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South American issues impacting soybean market
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South American issues impacting soybean market

Soybean

Now that winter has officially begun in the Northern Hemisphere and harvest is behind us, the soybean market has turned its attention to South America where it’s summer and the growing season is in full swing.

According to Luke Swenson, president of The Money Farm, West Fargo, N.D., strong demand for dried distillers grains (DDGs) has pushed the corn market, and on the soybean side, good demand for soybean meal, as well as various issues in South America, has influenced the soybean market.

“You look at the corn side, you’ve got the DDGs calling the market while soybean meal has been strong, too, just because you’ve got lots of demand,” Swenson said. “You’ve got different issues going on down in South America, as well. You’ve got oilseed strikes going down there. You’ve got some port strikes … where they’re not really exporting much at the moment. You’ve got a lot of things there that are keeping our domestic meal prices strong, domestic oil products strong. That doesn’t look to be changing in the near term.”

That’s been one of the main drivers on the cash bean side. Although there haven’t been a lot of sales and China has slowed its imports lately, Swenson they are still “sniffing around.” It’s been a quiet couple weeks on that front, he explained, because this is typically a slower time of year as it’s a couple months after the U.S. soybean harvest and we’re going into the holidays.

Lately China and the U.S. have been butting heads again regarding trade issues, but Swenson doesn’t feel it will bring a halt to trade.

“It’s been a quiet month and a half for the most part. If anything, people are watching and losing faith, and the Chinese economy as a whole, when you watch things like the government basically shut down an IPO of one of the biggest financial firms in the world, that did more damage to them I think than some of our tariffs have done in a long time,” he said. “Their economy is kind of on edge. I don’t see them wanting to fight a lot,” adding he feels China is going to reassess and keep going from there.

Looking at local cash prices, at one local elevator in west central Minnesota regularly followed in this column, as of Dec. 22, the January cash price for soybeans was $11.84 and basis was -62 cents. The April 2021 futures price was listed at $12.50 and basis was up 3 cents.

“We didn't think we were going to break out of the $12 range before Christmas, but obviously the run on (Dec. 18) we ran through kind of surprised us a little bit,” Swenson said. “We’re positioned the same way there as we are in corn, owning a lot of calls and we’re out of the cash sales. We cleaned out (at) about $10.80 and said, ‘Guys, this has gone wild and it can keep going, but we don’t want to take the risk with the premium where it’s at, basis where it’s at. Let’s just jump into calls and go that way.’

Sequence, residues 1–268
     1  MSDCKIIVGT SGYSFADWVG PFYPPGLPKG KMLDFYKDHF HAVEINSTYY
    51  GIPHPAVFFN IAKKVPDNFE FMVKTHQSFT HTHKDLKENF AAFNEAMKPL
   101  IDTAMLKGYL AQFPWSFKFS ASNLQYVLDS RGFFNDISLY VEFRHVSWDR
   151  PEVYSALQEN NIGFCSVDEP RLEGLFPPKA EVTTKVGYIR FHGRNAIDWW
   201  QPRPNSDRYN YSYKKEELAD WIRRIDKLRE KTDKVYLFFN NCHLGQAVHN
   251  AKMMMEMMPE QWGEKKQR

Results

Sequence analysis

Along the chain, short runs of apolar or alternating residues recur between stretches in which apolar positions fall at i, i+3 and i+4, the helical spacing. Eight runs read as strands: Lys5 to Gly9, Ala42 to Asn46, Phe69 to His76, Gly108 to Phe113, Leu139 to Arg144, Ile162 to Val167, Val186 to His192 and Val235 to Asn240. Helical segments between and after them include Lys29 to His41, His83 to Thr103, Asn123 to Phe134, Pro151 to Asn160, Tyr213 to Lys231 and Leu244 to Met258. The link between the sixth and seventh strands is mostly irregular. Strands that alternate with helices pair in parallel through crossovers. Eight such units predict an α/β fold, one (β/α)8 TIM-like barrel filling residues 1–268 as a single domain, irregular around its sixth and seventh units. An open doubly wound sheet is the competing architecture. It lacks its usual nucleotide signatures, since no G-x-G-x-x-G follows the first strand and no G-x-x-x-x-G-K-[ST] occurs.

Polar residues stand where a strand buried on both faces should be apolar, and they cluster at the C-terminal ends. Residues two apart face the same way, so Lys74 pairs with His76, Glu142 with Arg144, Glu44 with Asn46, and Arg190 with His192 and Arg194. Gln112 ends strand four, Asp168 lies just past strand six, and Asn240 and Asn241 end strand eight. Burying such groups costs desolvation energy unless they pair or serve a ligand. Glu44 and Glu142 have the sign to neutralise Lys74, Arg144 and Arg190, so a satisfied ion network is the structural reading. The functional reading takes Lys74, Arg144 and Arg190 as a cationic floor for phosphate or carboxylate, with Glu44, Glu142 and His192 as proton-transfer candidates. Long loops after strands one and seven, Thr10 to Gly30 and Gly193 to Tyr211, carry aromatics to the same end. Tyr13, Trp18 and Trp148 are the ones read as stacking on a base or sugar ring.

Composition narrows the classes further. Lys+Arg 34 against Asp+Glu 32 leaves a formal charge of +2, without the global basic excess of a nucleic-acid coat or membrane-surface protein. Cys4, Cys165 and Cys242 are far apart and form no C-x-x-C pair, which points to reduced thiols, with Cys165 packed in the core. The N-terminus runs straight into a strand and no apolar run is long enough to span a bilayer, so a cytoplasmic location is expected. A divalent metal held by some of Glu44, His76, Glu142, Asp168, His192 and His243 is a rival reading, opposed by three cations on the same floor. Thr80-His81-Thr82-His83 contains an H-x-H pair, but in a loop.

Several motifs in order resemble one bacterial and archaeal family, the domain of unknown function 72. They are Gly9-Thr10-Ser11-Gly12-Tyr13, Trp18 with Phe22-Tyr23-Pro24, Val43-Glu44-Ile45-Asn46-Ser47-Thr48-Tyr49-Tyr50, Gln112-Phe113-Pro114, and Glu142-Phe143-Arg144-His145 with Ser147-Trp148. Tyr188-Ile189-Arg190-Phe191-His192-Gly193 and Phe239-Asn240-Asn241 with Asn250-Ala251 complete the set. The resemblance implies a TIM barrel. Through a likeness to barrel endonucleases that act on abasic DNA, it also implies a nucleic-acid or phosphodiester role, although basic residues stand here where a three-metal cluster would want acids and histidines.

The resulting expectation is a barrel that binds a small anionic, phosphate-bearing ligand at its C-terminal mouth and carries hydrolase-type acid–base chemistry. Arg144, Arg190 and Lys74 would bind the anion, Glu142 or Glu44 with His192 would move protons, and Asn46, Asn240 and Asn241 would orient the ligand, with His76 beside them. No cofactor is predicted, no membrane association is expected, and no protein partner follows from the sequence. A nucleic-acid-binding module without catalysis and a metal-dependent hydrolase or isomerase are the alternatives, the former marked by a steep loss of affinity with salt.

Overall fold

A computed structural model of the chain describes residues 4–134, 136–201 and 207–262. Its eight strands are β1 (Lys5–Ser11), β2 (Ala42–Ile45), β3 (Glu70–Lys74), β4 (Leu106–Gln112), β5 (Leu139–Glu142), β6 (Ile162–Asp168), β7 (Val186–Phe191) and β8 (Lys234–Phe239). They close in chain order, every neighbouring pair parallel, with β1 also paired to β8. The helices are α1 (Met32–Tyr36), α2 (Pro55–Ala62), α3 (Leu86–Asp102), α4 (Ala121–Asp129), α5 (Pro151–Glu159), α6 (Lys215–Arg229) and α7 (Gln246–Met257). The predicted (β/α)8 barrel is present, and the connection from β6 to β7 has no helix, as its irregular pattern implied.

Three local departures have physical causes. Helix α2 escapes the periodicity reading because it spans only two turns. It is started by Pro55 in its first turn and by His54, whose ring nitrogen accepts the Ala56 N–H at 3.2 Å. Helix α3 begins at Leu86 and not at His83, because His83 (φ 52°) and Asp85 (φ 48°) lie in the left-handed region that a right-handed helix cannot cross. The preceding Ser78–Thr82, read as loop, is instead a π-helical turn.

“So for the last month or so we’ve been pretty aggressive on the call side and that’s not going to change,” he continued. “We just kind of keep rolling up. We took some profits off of specs and we’ve still got some March calls on for a lot of our growers and that’s where we’re going to stay.”

Swenson said he doesn’t see a reason to change in the near term, especially with the outlook the way it is.

“As I touched on with corn, the bean production side of South America is going to be one of the main drivers,” he said. “I don’t think it’s out of line to say they can still get 130 million tons down there because they have the weather that they can do it. They just planted the crop later like us, but their season allows it to be planted later and still be able to finish it. That’s the big thing that people are paying attention to.”

Another matter in South America is the fact that Argentina has tight stocks and uncooperative weather. Recent rains have been hit or miss. However, if they get some good rains in the Cordoba region and different areas around that region, they can “cement the fact that they’re going to have a solid crop.” It’s wait and see.

But it isn’t just in South America where things are dry.

“If you want to get bullish you should pull up a world topsoil drought map right now. The heart of the U.S., basically from central Nebraska going west is completely in the red,” he said, adding that a lot of the growing regions in Argentina and southern spots of Brazil are dry, as well.

“Those are the main things we think are going to keep everyone a little on edge. We think estimates are going to start creeping lower for South America,” he said.

“You get anywhere below 125 million tons in South America and I think you’re going to see markets making new highs into crop insurance setting periods,” he added. “I hope that’s the scenario because it would be fun to go into this with some great prices and some fun protection going into next year.”

As for marketing their soybeans, Swenson is telling producers not to be afraid to take some solid basis for next fall.

“We’ve got some places in the region where we’ve had people locking up beans in the -50 (cents) area, which we normally see at harvest. Good early harvest bids are -75 or so and sometimes in the middle of harvest you’re seeing $1.10, so don’t be afraid to take some of that and lock it up,” he said. “You’re looking at $10.20 cash this morning in some places. That’s a great spot to start some of these sales. Don’t be afraid to make good early sales. Get that risk off and call it good.”

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